Schools, Cameras and Computers
In the course of the discussion, a couple of explanations for such a policy were offered. One poster wrote that:
"The problem comes from the camera being with every student, all the time. It would become a dominant form of communication and K-12 students, as a group, do not have the mental filters in place to prevent trouble. MySpace proved this. Taking them out lets the kids know that you are concerned about their safety and kids do understand that."
Precisely what is unsafe about taking pictures was not explained. Perhaps I'm missing something, but to me the comment had a distinctly Orwellian tone. Big Brother cares about your safety.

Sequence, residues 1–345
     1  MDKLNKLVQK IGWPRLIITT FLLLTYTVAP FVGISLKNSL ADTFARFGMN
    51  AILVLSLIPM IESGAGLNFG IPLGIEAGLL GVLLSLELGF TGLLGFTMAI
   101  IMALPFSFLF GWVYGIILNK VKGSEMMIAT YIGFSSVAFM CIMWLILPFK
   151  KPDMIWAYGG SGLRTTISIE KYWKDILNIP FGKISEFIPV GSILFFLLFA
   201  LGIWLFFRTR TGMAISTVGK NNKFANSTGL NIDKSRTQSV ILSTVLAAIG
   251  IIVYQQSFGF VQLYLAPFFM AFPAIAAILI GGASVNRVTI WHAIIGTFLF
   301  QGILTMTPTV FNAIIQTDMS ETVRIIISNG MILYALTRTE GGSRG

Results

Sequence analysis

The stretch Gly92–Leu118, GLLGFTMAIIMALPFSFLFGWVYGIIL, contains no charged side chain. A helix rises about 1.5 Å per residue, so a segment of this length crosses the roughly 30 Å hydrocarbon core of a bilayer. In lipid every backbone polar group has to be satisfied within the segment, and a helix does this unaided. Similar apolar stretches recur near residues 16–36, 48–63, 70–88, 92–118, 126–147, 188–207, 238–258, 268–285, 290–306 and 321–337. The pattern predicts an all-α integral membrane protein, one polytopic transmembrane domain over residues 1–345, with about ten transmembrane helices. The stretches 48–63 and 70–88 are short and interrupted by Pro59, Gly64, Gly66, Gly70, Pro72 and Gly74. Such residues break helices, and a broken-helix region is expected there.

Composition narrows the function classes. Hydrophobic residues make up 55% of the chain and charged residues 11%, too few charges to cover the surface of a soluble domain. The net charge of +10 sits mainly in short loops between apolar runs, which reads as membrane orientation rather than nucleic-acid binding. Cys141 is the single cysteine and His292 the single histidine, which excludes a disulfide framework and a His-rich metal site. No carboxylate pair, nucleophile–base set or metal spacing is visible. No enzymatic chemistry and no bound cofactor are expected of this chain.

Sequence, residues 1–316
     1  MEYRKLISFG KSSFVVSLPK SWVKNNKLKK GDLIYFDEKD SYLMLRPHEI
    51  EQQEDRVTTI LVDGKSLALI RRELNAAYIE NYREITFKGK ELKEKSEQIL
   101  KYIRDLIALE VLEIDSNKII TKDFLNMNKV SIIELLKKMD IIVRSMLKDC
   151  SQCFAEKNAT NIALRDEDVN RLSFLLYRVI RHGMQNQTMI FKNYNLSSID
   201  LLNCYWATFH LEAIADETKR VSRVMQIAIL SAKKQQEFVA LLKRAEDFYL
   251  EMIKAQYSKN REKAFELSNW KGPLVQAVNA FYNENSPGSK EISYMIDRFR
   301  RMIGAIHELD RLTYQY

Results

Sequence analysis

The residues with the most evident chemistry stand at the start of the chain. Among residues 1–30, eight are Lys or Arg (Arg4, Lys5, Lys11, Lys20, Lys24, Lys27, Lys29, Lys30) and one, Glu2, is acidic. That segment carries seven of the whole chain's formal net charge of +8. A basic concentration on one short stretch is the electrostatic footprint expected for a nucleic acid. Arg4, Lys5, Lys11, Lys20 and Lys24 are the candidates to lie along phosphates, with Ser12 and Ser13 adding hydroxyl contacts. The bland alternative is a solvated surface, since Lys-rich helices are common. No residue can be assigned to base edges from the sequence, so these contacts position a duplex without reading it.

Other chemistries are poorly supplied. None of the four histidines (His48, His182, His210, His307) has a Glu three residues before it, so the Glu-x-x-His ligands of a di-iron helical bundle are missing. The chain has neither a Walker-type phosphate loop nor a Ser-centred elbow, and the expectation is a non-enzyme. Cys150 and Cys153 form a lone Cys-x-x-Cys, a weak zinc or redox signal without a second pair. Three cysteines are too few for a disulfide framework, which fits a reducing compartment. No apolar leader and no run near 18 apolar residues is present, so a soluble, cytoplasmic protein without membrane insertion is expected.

Another poster wrote:
"By providing access to unsupervised video recording technology, a school can possibly open itself up serious legal problems if a child does something beyond the pale, even with the strictest of Acceptable Use Policies in effect."
That one reminds me of the Los Angeles Police Force, which no doubt has a similar attitude to the danger of video recordings of what it is doing. Surely there is something seriously wrong if the best solution to children doing "something beyond the pale" is making sure that no evidence of their doing so survives to reach a court.
Of course, it might be either something wrong with the schools or something wrong with the courts.
Comments? Would anyone involved with K-12 schooling like to give a more detailed explanation of why schools would strongly object to their students having cameras built into their laptops?